Journal of Community & Applied Social Psychology

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Volume 27 Issue 2 (March/April 2017), Pages 97-178

The Humanisation of Refugees: A Discourse Analysis of UK Parliamentary Debates on the European Refugee ‘Crisis’ (pages 115-125)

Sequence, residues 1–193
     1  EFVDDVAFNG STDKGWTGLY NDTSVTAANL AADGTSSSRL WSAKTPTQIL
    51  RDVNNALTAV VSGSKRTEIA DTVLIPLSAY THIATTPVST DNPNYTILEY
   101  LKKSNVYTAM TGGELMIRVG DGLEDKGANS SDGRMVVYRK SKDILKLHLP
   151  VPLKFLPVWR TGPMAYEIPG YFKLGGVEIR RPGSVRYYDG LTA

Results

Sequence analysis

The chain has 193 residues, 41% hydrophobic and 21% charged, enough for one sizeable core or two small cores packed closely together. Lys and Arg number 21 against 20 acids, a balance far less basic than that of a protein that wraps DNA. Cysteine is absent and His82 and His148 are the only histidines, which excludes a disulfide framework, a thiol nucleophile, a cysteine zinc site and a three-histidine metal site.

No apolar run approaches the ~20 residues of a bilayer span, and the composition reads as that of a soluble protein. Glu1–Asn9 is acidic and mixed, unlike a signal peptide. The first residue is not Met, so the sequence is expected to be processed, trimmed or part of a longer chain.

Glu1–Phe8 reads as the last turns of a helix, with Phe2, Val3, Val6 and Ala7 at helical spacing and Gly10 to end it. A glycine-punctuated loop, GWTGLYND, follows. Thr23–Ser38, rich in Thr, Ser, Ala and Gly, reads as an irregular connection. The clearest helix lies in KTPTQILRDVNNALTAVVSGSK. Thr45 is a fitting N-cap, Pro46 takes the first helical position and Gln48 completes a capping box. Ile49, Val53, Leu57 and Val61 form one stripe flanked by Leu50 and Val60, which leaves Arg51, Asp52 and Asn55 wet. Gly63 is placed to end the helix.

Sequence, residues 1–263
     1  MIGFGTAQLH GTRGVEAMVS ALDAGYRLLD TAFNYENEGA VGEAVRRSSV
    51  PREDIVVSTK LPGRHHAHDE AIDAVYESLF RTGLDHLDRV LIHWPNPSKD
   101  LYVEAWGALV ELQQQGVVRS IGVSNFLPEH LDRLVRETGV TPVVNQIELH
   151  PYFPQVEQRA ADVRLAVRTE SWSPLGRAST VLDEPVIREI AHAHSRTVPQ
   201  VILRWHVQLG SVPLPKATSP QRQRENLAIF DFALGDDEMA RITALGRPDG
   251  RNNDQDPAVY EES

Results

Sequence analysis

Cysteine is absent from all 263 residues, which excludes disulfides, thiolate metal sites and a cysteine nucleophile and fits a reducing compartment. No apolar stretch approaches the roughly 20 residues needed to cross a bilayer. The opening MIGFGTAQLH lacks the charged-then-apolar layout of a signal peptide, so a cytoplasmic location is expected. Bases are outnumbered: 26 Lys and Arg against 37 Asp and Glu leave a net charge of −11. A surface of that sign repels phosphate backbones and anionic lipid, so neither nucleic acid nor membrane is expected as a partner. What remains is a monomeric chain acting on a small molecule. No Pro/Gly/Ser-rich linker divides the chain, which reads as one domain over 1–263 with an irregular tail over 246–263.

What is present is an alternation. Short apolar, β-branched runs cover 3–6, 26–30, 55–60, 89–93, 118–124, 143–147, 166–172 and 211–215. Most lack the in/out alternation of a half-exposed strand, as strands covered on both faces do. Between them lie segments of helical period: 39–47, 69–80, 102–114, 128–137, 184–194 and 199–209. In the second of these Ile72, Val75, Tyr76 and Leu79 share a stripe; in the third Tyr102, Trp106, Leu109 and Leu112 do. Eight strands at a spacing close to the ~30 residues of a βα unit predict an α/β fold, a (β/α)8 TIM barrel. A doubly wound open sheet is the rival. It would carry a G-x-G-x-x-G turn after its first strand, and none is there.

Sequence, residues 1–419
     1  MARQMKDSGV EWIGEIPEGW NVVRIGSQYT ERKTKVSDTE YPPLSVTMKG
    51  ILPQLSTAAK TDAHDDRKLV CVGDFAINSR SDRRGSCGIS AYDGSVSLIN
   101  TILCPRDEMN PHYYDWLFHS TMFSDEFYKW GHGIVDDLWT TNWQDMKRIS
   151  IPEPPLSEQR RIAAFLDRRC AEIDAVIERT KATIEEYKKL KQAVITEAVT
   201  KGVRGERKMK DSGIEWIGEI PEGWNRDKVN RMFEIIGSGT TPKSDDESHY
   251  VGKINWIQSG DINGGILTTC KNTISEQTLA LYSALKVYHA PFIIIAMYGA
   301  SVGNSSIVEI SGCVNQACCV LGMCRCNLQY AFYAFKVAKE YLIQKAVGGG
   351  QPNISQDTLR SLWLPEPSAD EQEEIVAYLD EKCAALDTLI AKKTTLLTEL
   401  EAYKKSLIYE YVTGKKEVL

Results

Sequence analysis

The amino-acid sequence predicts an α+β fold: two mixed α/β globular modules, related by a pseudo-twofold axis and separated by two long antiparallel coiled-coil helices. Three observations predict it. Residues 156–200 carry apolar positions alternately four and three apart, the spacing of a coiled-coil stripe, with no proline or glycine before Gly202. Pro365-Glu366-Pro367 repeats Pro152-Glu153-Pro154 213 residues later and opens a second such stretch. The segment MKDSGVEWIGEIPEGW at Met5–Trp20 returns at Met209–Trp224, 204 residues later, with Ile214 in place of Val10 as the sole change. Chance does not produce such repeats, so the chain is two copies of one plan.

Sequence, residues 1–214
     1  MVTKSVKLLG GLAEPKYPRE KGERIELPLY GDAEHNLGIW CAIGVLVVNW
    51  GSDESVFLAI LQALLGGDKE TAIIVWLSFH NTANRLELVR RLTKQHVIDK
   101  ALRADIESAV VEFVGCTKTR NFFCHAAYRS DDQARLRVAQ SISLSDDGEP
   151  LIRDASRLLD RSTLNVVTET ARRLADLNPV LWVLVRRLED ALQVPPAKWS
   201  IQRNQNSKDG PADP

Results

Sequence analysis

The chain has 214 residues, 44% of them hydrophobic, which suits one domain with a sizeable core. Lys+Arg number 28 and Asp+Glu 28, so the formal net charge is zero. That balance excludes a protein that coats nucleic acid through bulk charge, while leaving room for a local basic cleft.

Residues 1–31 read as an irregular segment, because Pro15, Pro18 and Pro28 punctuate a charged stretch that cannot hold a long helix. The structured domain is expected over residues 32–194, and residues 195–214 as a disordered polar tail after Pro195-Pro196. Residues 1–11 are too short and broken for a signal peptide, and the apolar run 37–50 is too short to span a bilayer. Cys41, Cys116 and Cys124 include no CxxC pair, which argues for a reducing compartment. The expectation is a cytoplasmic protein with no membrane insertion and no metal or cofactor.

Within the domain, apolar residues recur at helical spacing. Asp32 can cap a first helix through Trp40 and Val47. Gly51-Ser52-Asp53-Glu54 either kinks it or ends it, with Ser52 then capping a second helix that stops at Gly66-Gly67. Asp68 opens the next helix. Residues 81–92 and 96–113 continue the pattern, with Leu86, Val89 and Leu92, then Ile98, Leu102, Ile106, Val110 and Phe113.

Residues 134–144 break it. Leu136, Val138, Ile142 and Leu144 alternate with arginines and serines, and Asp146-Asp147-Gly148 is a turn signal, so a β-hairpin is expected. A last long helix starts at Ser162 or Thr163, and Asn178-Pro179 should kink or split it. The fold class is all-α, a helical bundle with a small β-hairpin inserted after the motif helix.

Previous research has explored the ‘othering’ and dehumanisation of asylum seekers and refugees, yet comparatively little research has explored the opposite process: the humanisation of refugees. This article applies discursive psychological analysis to the transcripts of five UK Parliamentary debates on the European refugee ‘crisis’ from September 2015 to January 2016, examining an explicit form of humanisation: categorising refugees as ‘human beings’. The analysis focuses on the nature and function of such categorisations to explore the social functions of the discourse. It illustrates how politicians draw on the human qualities of both refugees and ‘us’ to make the government and nation morally accountable for protecting refugees. Moreover, it shows how the humanisation or dehumanisation of others implicates or denies the self as morally responsible. This highlights how research on dehumanisation—and the opposite process of humanisation—needs to attend to the rhetorical, relational and dialogical aspects of discourse. Copyright © 2017 John Wiley & Sons, Ltd.

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